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NAACP v. Alabama

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Bloomberg Law

Citation. 377 U.S. 288, 84 S. Ct. 1302, 12 L. Ed. 2d 325 (1964)

Brief Fact Summary. The Supreme Court of the United States (Supreme Court) held unconstitutional Alabama’s demand that the NAACP reveal the names and addresses of all of its Alabama members and agents.

Synopsis of Rule of Law. In the domain of indispensable liberties, whether of speech, press, or association, abridgments of such rights, even though unintended, may inevitably follow from varied forms of governmental action. Compelled disclosure of affiliation with groups engaged in advocacy may constitute an effective restraint on freedom of association.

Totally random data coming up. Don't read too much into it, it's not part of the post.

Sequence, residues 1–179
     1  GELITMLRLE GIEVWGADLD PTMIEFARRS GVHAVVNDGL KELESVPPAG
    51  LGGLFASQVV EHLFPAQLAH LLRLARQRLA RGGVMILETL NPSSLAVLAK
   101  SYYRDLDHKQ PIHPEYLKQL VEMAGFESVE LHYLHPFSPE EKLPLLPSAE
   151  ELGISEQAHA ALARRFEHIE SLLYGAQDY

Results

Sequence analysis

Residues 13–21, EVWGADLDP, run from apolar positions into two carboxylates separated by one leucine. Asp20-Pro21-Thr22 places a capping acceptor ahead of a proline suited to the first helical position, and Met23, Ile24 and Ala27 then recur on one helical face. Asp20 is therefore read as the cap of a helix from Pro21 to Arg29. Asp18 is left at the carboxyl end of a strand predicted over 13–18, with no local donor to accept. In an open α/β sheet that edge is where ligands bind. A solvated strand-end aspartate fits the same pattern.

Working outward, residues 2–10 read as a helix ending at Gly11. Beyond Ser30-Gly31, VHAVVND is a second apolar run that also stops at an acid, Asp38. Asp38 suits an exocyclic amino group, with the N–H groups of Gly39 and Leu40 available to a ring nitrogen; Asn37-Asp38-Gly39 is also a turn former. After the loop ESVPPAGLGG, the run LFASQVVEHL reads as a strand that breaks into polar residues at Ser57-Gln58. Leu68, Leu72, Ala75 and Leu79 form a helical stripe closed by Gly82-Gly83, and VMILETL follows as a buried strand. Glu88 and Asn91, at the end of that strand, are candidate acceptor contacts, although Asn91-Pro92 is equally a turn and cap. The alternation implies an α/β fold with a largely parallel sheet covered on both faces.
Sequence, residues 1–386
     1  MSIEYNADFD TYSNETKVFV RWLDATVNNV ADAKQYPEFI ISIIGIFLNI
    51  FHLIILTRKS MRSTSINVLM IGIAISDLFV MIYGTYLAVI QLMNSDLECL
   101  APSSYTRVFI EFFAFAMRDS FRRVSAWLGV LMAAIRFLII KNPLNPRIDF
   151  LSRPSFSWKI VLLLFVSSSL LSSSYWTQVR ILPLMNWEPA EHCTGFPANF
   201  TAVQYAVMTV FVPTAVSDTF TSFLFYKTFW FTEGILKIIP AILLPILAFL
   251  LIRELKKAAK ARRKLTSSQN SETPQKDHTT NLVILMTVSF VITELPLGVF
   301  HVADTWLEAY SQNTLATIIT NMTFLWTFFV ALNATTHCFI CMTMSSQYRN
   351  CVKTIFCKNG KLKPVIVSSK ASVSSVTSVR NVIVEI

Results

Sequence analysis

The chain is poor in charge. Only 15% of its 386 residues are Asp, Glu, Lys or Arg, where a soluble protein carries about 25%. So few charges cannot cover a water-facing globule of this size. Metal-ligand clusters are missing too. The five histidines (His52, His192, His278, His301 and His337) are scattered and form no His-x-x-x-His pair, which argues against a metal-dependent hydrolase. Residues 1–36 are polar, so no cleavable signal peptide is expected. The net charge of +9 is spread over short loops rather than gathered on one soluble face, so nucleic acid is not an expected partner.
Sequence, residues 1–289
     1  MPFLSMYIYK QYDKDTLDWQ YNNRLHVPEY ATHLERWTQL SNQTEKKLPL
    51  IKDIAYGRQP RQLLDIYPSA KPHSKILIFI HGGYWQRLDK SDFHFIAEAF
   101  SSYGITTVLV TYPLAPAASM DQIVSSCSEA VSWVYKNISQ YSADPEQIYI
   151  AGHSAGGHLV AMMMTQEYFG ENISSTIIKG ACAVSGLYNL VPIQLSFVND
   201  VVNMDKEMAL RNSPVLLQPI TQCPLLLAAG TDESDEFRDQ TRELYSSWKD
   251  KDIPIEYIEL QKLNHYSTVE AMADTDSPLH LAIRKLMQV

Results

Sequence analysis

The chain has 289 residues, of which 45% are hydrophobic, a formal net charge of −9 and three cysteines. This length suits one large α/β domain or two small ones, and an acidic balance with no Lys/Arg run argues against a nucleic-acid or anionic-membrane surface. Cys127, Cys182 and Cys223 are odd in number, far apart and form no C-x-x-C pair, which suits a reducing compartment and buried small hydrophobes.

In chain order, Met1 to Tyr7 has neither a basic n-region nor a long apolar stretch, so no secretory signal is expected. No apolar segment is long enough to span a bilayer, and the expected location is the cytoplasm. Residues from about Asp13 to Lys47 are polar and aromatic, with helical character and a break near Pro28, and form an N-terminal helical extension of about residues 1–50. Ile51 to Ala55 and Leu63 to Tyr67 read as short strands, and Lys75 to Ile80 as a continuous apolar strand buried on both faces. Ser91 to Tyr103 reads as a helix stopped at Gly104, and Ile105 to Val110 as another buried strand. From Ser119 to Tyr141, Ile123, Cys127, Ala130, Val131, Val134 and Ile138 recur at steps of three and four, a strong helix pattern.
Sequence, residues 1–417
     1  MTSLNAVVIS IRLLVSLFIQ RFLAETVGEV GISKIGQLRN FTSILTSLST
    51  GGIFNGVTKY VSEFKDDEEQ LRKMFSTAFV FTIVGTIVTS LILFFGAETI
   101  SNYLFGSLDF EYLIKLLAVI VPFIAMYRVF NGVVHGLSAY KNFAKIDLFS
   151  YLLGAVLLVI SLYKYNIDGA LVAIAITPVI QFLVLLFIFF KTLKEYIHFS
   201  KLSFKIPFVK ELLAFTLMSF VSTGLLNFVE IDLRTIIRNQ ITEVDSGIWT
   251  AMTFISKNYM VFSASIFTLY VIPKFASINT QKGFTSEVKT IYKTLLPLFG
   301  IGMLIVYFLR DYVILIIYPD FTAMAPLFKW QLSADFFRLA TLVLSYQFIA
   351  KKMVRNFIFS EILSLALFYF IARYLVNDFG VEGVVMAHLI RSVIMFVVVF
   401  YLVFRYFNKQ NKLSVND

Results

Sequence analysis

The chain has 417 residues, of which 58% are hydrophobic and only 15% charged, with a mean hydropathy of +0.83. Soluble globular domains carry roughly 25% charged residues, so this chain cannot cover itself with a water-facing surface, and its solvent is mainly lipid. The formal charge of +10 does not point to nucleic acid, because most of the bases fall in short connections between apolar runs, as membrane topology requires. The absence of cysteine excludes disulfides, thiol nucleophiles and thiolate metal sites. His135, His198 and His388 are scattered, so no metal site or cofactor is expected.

Facts. The Respondent, Alabama (Respondent), demanded that the Petitioner, the NAACP (Petitioner), provide a list of all of the Alabama NAACP members based on the state’s foreign corporation registration law made in the course of an injunction action brought to stop the Petitioner from conducting activities in the state. Respondent moved for the production of a large number of the Petitioner’s records. The Petitioner produced almost all the requested data except for membership lists. The trial court adjudged the Petitioner in contempt and imposed a $100,000.00 fine.

Issue. Whether compelled disclosure of membership lists violates the Petitioner’s members’ rights of freedom of association?
Whether Respondent has demonstrated an interest in obtaining the membership lists, which is sufficient to justify the deterrent effect which releasing this lists would have on the free exercise of the constitutionally protected right of association?

Content Type: Brief


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